Several of the “inside the legal industry” papers are carrying subscription only stories tonight, on this picayune squabble, so I’ll mention it, and give away a free link to US District Court Judge Harvey Bartel III’s fine memorandum opinion (an eight page PDF file), to boot.
Under US law, statements of one’s opinions, if couched in terms of an opinion, are rarely libelous. Doubly so when a lawyer is offering his opinion on whether an allegation of overbilling is meritorious, after an investigation has been conducted. Triply so, when all the lawyer is doing is responding to allegations about, and demands made upon his client by a third party. It is thus entirely unsurprising that the very-able Judge Bartel, sitting in the Eastern District of Pennsylvania, held — as a matter of law — that a lawyer’s statement that these allegations of overbilling were “unfounded” could not support any charge of libel.
I also decided to discuss it because it appears that at least some of the dispute revolved around the fact that legacy Schering-Plough had engaged market research Team A, while legacy Merck was using market research Team B. The plaintiff in the libel action was Team B, prior to the merger/bust-up of Schering-Plough/Merck. Then, as merger time approached — and it became clearer that the post-merger Merck (through legacy Schering-Plough people it kept on staff) was likely to use Team A for this sort of market research — the plaintiff joined Team A, and agreed to be the agent of Team A, on a market research project called the Cogent project.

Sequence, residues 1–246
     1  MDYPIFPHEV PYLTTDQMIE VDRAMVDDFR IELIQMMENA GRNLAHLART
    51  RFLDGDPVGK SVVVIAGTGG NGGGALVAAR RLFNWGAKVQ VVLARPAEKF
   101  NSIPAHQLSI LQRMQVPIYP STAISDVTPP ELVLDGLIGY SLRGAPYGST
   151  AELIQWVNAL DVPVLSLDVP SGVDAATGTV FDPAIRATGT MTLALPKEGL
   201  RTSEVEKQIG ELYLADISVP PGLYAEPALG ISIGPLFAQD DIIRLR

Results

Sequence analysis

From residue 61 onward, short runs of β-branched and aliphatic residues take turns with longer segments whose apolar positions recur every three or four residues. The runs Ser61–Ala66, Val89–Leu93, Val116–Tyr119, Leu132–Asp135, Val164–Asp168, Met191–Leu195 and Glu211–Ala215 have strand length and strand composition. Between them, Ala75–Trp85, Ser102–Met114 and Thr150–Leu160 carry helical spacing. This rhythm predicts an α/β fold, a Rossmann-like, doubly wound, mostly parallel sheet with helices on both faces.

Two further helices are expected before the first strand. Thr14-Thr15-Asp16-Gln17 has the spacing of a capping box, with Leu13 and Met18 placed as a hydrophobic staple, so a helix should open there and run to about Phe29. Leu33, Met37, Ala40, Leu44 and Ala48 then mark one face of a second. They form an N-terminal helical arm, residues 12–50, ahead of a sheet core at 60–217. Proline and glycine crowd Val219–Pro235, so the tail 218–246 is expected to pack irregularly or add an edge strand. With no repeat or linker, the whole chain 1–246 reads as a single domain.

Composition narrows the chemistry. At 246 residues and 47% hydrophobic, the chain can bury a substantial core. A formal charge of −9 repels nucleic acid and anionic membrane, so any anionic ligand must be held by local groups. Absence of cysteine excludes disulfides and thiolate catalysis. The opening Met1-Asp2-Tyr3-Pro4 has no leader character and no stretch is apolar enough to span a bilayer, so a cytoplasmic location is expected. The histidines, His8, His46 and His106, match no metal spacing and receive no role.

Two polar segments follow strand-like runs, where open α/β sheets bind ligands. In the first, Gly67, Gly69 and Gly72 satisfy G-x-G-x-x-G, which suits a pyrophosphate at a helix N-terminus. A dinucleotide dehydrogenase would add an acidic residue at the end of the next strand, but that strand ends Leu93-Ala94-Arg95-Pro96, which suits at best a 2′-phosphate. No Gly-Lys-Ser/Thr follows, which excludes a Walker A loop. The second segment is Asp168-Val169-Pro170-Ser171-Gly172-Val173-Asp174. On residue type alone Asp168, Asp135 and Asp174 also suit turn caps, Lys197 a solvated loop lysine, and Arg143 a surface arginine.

When the Cogent project was completed, Team A released the plaintiff (but Team A continued to get work from New Merck). The plaintiff apparently alleged that Team A overbilled Merck for part of the Cogent project. Merck had its lawyers look into the matter, and they determined that the claim of overbilling lacked adequate evidence of wrongdoing.
And so, the lawyer’s letter, answering a letter from the plaintiff, and stating that Merck believed the allegation of overbilling was “unfounded“, became the basis upon which the plaintiff claimed that Merck had libeled him.
That claim has now been summarily dismissed by Judge Bartel — here’s a bit of his:
. . . .Under 42 Pa. Cons. Stat. Ann § 8343, the plaintiff must prove “the defamatory character of the communication.” As an initial matter, however, the court must determine as a matter of law if the statement is capable of having a defamatory meaning. If not, the claim must be dismissed. . . .
[Merck’s lawyer] was simply answering [the Plaintiff’s] letter. He did so in a thoughtful and temperate manner. He was providing [the Plaintiff] with the result of the investigation that [the Plaintiff’s] letter had initiated. . . .
The case before us is similar to the circumstances in Beckman, 419 A.2d at 585. That lawsuit involved a communication reporting on the decision of a University History Department committee finding a graduate student’s performance on an oral examination to be “inadequate.” The Superior Court concluded that the communication was not capable of being defamatory. . . .
I suspect this will end Merck’s involvement in what was originally a termination of employment case — at a third party contractor. To provide balance, I will also upload a copy of the plaintiff’s pro se complaint, here. Feel free to read it, along with the judge’s opinion dismissing it.